George Osborne repeatedly said that this was the "unavoidable Budget". But the rise in VAT was only necessary to pay for a series of tax cuts elsewhere.
In his Budget speech, George Osborne repeatedly said that this was the “unavoidable Budget”. Even within his self-imposed framework of £1 of net tax rises for every £4 of spending cuts – which flies in the face of all international comparisons – the VAT rise was only necessary to pay for a series of tax cuts elsewhere.
The regressive increase of VAT from 17.5 per cent to 20 per cent raises £13.5 billion by 2014-15. But cuts to income tax, national insurance, corporation tax, and council tax cost £12.4 billion. Once all the changes are taken into consideration, tax changes contribute only £8.2 billion to the fiscal consolidation.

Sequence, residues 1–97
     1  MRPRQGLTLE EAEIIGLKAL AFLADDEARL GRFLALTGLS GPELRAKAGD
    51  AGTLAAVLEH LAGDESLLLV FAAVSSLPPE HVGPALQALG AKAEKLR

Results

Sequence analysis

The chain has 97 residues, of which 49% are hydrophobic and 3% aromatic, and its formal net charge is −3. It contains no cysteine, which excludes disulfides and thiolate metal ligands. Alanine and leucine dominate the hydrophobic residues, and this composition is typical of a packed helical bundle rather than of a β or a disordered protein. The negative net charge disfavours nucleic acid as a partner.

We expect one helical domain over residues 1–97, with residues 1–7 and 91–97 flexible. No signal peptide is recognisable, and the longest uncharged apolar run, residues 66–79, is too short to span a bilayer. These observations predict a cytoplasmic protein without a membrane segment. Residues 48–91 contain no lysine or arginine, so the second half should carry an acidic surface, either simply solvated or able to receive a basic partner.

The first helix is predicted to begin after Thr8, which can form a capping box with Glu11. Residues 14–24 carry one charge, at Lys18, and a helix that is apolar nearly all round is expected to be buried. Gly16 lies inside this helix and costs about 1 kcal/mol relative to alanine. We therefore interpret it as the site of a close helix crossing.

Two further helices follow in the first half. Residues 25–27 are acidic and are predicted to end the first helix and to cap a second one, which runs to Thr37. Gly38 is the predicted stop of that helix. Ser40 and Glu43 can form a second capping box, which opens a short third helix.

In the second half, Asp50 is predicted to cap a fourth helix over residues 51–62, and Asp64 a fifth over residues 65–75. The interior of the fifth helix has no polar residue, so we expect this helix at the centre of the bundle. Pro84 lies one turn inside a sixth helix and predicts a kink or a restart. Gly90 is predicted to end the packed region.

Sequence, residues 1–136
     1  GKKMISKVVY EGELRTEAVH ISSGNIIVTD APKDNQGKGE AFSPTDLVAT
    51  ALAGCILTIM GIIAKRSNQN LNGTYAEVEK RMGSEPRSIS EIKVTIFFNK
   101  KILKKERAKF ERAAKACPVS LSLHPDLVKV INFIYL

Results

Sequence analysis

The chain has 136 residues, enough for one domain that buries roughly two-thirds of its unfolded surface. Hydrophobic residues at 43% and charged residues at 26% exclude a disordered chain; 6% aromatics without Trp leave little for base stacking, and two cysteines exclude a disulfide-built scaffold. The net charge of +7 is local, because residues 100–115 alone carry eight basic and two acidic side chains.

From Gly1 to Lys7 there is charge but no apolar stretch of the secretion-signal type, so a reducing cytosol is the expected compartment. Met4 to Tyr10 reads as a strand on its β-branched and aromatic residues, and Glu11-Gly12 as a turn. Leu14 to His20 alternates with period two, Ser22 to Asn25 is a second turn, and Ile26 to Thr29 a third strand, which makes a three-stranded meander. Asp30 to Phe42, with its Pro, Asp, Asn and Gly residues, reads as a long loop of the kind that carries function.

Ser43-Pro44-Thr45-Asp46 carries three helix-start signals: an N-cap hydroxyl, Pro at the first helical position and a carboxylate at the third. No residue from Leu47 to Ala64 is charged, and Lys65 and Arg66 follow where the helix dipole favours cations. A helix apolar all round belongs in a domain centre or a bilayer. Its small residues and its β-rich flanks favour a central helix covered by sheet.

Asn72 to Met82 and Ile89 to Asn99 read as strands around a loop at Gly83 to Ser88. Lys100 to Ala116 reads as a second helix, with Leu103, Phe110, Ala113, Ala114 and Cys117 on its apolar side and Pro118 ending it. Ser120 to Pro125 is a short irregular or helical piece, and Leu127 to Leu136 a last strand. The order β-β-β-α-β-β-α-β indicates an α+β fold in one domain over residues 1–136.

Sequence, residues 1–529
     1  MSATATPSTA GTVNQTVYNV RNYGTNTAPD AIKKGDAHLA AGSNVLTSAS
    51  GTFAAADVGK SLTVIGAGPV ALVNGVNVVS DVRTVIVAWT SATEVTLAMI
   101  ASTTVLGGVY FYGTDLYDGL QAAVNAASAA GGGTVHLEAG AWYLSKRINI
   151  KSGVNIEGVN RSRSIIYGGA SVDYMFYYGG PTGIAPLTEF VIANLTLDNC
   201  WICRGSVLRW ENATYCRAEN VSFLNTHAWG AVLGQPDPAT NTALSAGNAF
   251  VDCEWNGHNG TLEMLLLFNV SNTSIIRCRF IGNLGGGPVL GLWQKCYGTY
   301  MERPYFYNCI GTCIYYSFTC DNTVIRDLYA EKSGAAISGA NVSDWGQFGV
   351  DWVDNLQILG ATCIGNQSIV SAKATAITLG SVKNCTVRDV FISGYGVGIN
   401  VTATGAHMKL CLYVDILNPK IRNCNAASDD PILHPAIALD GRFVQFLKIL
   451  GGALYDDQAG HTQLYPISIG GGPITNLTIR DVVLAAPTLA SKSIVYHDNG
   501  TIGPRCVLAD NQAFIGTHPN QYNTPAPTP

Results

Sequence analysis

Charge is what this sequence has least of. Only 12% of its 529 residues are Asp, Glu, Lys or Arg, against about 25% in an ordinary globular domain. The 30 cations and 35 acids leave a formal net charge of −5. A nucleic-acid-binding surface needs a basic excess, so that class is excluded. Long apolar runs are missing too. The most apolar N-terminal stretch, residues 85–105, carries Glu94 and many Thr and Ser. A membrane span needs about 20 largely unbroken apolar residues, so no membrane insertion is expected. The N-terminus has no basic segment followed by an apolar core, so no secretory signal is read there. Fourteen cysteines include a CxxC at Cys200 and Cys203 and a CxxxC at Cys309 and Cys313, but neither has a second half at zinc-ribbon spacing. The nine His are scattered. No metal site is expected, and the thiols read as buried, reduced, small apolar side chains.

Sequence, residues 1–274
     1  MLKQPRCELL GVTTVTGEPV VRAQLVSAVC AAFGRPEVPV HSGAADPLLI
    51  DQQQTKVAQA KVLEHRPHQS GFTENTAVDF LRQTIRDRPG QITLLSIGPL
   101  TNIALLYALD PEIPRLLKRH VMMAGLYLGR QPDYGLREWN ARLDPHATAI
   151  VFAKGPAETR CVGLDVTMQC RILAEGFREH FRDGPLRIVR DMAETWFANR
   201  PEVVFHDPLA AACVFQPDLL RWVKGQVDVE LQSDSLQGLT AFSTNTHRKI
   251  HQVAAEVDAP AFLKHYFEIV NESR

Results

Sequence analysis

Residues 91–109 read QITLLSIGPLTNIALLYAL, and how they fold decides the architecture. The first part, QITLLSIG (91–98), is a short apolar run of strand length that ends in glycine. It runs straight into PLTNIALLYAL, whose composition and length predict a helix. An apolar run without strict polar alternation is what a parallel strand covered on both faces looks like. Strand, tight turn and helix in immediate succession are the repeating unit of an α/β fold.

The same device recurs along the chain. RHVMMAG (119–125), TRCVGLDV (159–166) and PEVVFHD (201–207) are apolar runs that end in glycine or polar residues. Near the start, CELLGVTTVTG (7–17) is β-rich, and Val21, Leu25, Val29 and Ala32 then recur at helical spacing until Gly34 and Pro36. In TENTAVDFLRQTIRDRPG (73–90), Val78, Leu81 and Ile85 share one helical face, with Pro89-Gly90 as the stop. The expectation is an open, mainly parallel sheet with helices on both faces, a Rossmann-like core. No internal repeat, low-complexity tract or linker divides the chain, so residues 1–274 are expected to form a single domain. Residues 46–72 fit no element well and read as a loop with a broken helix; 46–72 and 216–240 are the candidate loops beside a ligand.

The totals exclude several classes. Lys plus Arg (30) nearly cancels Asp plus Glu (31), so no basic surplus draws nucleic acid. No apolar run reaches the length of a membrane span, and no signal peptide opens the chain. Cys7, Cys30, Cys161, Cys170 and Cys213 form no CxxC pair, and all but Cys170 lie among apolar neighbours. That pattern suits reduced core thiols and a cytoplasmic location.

By contrast, the reduction in total managed expenditure comes in at £31.9 billion with £20.9 billion coming from departments and £11.0 billion coming from changes to benefits such as the freeze on child benefit. Indeed, effective cuts to child benefit, the child tax credit, and child trust funds – which together cost £2.5 billion – could have been avoided if the Chancellor had not announced cuts to corporation tax.
George Osborne’s VAT rise was “avoidable”. The reason it has taken place is it pay for the Lib-Con’s ideological tax cuts, which fly in the face of fiscal responsibility.
For somewhat different reasons, Conservative Home have come to the same conclusion about VAT. Tim Montgomerie’s piece also includes this line from David Cameron in an interview with Sky on April 1st: “Our plans don’t involve an increase in VAT”.
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